With its value placed at $55,000, the portrait "Le Pere Tanguya," by Van Gogh, furnishes much material for discussion. Some who view it say, "This is art"; while others call it "mauleyed," and say that the old man in the painting is wearing a ladies hat. However, judging from its value we would say that it is a very fine piece of work indeed.
Countless visitors at the gallery are disappointed in the exhibit. They seem to expect a display of canvasses picturing beautiful subjects. But they can satisfy their taste by visiting the French paintings of the eighteenth century shown in one of the galleries. Several of these have received some very flattering comments, among them are the Boucher portrait of Mme. Pompadour, the Greuze paintings, and the Fragonard canvasses.
Gulf of Marseille, Paul Cezanne
The Bay of Marseille seen from L'Estaque was the first of Cézanne's work to enter the French national collections thanks to a bequest by Gustave Caillebotte in 1894. The painting disconcerted visitors to the Musée du Luxembourg, at the time a museum for living artists, but it fascinated painters. At the beginning of the century, Fauves and Cubist painters (Braque, Dufy, Derain), would also set up their easels on the shores at L'Estaque.
A Voyage to California, the Sandwich Islands, and Around the World in the Years 1826-1829
Auguste Duhaut-Cilly, August Fruge (Editor, Translator), Neal Harlow (Editor, Translator).
While French sea captain Auguste Duhaut-Cilly may not have become wealthy from his around-the-world travels between 1826 and 1829, his trip has enriched historians interested in early nineteenth-century California. Because of a poor choice in goods to trade he found it necessary to spend nearly two years on the Alta and Baja California coasts before disposing of his cargo and returning to France. What was bad luck for Duhaut-Cilly was good luck for us, however, because he recorded his impressions of the region's natural history and human populations in a diary. This translation of Duhaut-Cilly's writing offers today's readers a rare eyewitness account of the pastoral society that was Mexican California, including the missions at the height of their power.
A veteran of the Napoleonic wars, Duhaut-Cilly was an educated man conversant in Spanish and English. He was also Catholic, which gave him special access to the California missions. Thus his diary allows the reader an insider's view of the padres' lives, including their dealings with the military. Through his eyes we see the region's indigenous people and how they were treated, and we're privy to his commentary on the behavior of the Californios.
This translation also contains Duhaut-Cilly's account of the Sandwich Islands portion of his voyage and provides an authentic rendering of life at sea during the early nineteenth century. In the spirit of Richard Henry Dana's Two Years before the Mast, Duhaut-Cilly's reflections are a historical gem for anyone with a love of personal narratives and original accounts of the past.
The French Revolution and Human Rights :
(A Brief Documentary History
Bedford Series in History and Culture)
Author Lynn Hunt, Eugen Weber Professor of Modern European History at University of California at Los Angeles, received her B.A. from Carleton College and her M.A. and Ph.D. from Stanford University.
She is the author of Revolution and Urban Politics in Provincial France: Troyes and Reims, 1786-1790, Politics, Culture, and Class in the French Revolution: With a New Preface, 20th Anniversary Edition (Studies on the History of Society and Culture, No. 1),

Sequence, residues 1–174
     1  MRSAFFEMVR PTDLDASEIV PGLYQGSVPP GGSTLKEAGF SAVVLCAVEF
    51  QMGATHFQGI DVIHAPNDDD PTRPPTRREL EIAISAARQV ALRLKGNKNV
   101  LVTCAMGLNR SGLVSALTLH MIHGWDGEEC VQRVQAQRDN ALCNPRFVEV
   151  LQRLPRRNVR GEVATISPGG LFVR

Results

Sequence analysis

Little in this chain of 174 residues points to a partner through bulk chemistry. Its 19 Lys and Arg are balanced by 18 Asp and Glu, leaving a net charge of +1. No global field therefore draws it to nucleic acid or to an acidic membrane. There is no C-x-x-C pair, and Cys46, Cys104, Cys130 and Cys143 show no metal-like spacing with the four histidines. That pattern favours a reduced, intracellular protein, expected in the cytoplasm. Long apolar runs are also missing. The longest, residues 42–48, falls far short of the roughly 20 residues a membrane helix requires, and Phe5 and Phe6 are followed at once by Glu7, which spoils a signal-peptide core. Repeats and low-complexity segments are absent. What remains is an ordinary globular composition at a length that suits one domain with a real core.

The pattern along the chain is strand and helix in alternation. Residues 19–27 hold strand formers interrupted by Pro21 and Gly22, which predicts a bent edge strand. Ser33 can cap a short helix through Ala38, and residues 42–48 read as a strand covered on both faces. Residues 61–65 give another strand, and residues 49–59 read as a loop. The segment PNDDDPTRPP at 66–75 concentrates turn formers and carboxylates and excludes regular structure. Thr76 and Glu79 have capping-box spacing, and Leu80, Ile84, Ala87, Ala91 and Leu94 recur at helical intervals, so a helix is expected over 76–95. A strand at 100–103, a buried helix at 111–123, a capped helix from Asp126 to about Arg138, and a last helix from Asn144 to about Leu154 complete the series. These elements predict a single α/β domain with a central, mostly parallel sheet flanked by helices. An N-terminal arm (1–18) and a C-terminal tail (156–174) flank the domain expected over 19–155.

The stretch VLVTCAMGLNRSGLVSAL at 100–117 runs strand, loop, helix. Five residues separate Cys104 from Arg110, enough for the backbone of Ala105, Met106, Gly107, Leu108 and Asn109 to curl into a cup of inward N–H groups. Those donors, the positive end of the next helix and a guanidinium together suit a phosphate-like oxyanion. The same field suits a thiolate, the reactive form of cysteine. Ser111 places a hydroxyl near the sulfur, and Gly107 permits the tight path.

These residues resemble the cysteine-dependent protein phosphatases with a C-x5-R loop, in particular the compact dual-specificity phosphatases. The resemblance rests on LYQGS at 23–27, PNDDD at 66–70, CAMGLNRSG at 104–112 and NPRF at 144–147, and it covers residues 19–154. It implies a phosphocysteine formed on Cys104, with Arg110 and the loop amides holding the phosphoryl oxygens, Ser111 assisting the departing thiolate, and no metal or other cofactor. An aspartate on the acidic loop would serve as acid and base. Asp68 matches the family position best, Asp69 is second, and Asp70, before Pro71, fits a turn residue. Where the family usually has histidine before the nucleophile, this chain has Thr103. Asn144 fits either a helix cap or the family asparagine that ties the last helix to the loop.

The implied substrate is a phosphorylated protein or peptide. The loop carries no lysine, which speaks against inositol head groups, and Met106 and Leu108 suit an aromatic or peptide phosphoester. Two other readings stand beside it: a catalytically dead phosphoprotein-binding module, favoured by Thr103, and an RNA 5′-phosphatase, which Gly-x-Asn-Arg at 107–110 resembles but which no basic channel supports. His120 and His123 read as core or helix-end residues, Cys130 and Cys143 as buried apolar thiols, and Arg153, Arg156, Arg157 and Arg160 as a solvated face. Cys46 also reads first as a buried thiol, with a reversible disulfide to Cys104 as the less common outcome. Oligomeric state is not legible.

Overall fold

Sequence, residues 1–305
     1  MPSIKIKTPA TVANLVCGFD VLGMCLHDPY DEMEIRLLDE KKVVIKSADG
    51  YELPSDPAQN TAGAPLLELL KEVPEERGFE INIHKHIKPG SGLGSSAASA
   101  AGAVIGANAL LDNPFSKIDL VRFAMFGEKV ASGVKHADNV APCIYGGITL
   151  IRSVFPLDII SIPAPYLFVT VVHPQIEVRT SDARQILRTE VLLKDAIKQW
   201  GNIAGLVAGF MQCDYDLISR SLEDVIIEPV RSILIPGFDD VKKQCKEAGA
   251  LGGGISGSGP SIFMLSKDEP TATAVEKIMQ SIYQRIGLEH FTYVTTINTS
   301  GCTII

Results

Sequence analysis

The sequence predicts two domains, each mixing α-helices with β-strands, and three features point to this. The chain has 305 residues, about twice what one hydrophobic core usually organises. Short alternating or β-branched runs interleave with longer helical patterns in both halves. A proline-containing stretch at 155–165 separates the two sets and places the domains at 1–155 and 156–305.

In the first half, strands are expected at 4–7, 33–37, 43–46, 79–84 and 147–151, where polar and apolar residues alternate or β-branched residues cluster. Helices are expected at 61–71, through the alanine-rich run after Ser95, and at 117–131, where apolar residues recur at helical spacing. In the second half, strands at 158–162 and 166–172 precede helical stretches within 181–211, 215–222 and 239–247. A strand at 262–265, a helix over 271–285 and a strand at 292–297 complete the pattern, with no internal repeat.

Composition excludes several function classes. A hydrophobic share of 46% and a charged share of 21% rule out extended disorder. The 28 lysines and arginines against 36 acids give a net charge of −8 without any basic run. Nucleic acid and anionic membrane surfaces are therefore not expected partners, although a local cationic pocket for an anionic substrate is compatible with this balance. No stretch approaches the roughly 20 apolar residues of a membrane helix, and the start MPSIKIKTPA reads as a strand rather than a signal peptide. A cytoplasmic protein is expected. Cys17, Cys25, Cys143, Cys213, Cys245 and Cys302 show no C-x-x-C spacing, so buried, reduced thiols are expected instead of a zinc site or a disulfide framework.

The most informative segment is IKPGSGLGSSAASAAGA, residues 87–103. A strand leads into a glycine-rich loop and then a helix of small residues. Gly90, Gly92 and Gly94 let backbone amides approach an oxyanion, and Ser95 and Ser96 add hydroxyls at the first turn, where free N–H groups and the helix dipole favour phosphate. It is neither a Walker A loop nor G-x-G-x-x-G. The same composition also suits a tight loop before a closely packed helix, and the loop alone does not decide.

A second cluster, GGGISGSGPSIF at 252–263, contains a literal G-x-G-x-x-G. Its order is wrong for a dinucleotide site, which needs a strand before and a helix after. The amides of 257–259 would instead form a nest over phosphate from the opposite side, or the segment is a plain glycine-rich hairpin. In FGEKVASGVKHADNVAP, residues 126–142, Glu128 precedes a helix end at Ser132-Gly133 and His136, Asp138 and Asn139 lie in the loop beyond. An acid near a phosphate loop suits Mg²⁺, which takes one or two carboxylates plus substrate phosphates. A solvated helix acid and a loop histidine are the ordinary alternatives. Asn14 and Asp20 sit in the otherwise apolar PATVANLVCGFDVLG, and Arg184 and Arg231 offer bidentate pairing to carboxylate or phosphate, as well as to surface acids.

and The Family Romance of the French Revolution
She is also the co-author of Telling the Truth About History (1994), co-author of Liberty, Equality, Fraternity: Exploring the French Revolution (2001, with CD-ROM), editor of The New Cultural History (1989), editor and translator of The French Revolution and Human Rights (1996), and co-editor of Histories: French Constructions of the Past (1995), Beyond the Cultural Turn (1999), and Human Rights and Revolutions (2000). She has been awarded fellowships by the Guggenheim Foundation and the National Endowment for the Humanities and is a Fellow of the American Academy of Arts and Sciences. She served as president of the American Historical Association in 2002.
Rebel Daughters: Women and the French Revolution
(Publications of the University of California Humanities Research Institute)
Sara E. Melzer
General and Madame de Lafayette:
Partners in Liberty's Cause in the American and French Revolutions
This biography of French liberator Marquis de Lafayette (1757-1834) reveals not only how the nineteen-year-old bravely ventured to the infant United States to serve in its War of Independence, but also the iconoclast's contribution to the causes of social and economic justice in France, Italy, Spain, Greece, and Poland. The Marquise (1759-1807), born Adrienne de Noailles, shared the same controversial beliefs as her husband, supporting and defending him wholeheartedly despite ongoing political persecution-including the Marquis's exile in an Austrian dungeon and her own imprisonment (and near-execution) by French radicals.
1899. World's Fleet. Boston Daily Globe
Lloyds Register of Shipping gives the entire fleet of the world as 28,180 steamers and sailing vessels, with a total tonnage of 27,673,628, of which 39 perent are British.
|Great Britain||10,990 vessels, total tonnage of 10,792,714|
|United States||3,010 vessels, total tonnage of 2,405,887|
|Norway||2,528 vessels, tonnage of 1,604,230|
|Germany||1,676 vessels, with a tonnage of 2,453,334, in which are included her particularly large ships.|
|Sweden||1,408 vessels with a tonnage of 643, 527|
For Historical Comparison
Top 10 Maritime Nations Ranked by Value (2017)
|Country||# of Vessels||